FOX 47 - Health News
It is a debilitating disease, affecting 160,000 families in Wisconsin. Alzheimer's patients suffer memory loss, poor judgment, and language problems -- making treatment difficult
"The person with the disease has trouble communicating, so we don't know what to do to help them," said Paul Rusk, executive director of the Wisconsin Alzheimer's Association.
And the number of cases is spiking -- 115 million people worldwide by the year 2050.
"Over the age of 85, 40 percent of people at that age have Alzheimer's disease," said Dr. Sanjay Asthana. "Another 20 percent have some kind of memory problem."
Dr. Asthana is director of the new Alzheimer's Disease research center. He says the illness creates social and economic burdens for families.
"The disease is so devastating. It's projected that millions of people will have the disease in this country, and bankrupt the Medicare system, unless we find an effective treatment."
Doctors have lofty goals -- to recognize and treat the disease before symptoms start. Using brain scans, blood tests, and psychological exams, doctors hope to discover the secrets of alzheimer's -- most importantly, how it happens and who's going to get it.
One of the most unique features of the UW center is a statewide registry of at-risk Alzheimer's patients. Doctors say these 1,300 people -- some as young as 20 -- could be a key to treatments down the road.
"We know these people are at genetic risk for the disease," Dr. Asthana said. "So, we'll follow them over 20, 30 years to see who develops the disease and why they're different from those who don't."
Proactive steps, researches hope, will uncover the mystery of Alzheimer's.
Said Rusk, "Participating in research is an incredibly powerful way to fight back."
UWSM received a $7 million grant from the National Institutes of Health and Aging for the project. It is one of only 17 centers in the entire country to take on this kind of work.
People at UWSM hope to open another Alzheimer's center in Milwaukee, targeted at helping minority patients.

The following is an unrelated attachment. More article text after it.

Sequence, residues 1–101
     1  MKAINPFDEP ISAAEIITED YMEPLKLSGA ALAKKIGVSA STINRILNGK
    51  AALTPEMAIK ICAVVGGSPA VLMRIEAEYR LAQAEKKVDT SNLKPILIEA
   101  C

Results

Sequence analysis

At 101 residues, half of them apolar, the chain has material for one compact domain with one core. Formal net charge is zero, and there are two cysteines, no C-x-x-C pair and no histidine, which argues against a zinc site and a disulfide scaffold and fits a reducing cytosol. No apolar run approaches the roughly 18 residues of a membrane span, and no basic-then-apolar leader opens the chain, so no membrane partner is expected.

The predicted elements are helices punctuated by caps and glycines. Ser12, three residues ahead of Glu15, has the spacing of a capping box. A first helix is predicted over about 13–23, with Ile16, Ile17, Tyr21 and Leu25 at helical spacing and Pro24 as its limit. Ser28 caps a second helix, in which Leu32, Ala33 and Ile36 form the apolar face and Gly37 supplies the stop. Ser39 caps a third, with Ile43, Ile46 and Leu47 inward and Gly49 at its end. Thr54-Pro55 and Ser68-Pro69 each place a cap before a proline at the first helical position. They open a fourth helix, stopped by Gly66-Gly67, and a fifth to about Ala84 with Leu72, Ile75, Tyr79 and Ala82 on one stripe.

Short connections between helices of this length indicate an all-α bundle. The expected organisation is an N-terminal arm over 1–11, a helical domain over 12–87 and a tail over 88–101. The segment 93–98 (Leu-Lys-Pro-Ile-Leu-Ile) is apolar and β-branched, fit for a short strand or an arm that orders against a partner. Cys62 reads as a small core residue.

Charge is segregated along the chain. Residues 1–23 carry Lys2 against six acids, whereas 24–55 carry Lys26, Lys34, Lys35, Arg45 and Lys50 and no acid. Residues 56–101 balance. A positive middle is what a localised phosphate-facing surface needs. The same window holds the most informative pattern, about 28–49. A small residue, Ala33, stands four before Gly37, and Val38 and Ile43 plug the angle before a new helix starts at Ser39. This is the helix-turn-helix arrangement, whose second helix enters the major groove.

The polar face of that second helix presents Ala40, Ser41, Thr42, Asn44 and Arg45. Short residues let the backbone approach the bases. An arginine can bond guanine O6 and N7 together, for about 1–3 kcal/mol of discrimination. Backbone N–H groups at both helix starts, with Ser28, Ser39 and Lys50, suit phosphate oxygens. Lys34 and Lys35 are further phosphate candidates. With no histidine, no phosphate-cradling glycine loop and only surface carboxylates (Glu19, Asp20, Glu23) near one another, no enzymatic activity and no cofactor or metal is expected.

Sun. - Fri. on FOX 47 News at 9!
Top Health Headlines (foxnews.com)
|Researchers grow kidney-like organs in laboratory|
Researchers have grown kidney-like organs in a laboratory dish, the latest advance in the effort to bioengineer complex human organs for medical use.
|Why is elephant cancer rare? Answer might help treat humans|
Cancer is much less common in elephants than in humans, even though the big beasts' bodies have many more cells.
|Polio vaccines in Ukraine safe despite local concerns, UN says|
The World Health Organization (WHO) says it's worried that millions of doses of polio vaccine might be wasted in the Ukraine after concerns were raised by a patient group that the doses are unsafe.
|Scientists may have figured out the 'runner's high'|
It's known that a runner's high isn't actually the result of endorphins, which are too large to cross the blood-brain barrier, but scientists have long sought the elusive cause of the much-talked-about sense of euphoria and calm that can accompany the end of a workout.
|Going to bed late could be making you fat|
Want to lower your chances of gaining weight?
Tonight on FOX 47
5:00pm Two and a Half Men
5:30pm Big Bang Theory
6:00pm Modern Family
6:30pm Big Bang Theory
8:00pm Sleepy Hollow
9:00pm FOX 47 News at 9
9:35pm Modern Family
10:05pm Mike & Molly
10:35pm 2 Broke Girls
11:05pm Two and a Half Men
11:35pm The Simpsons
12:05am Mike & Molly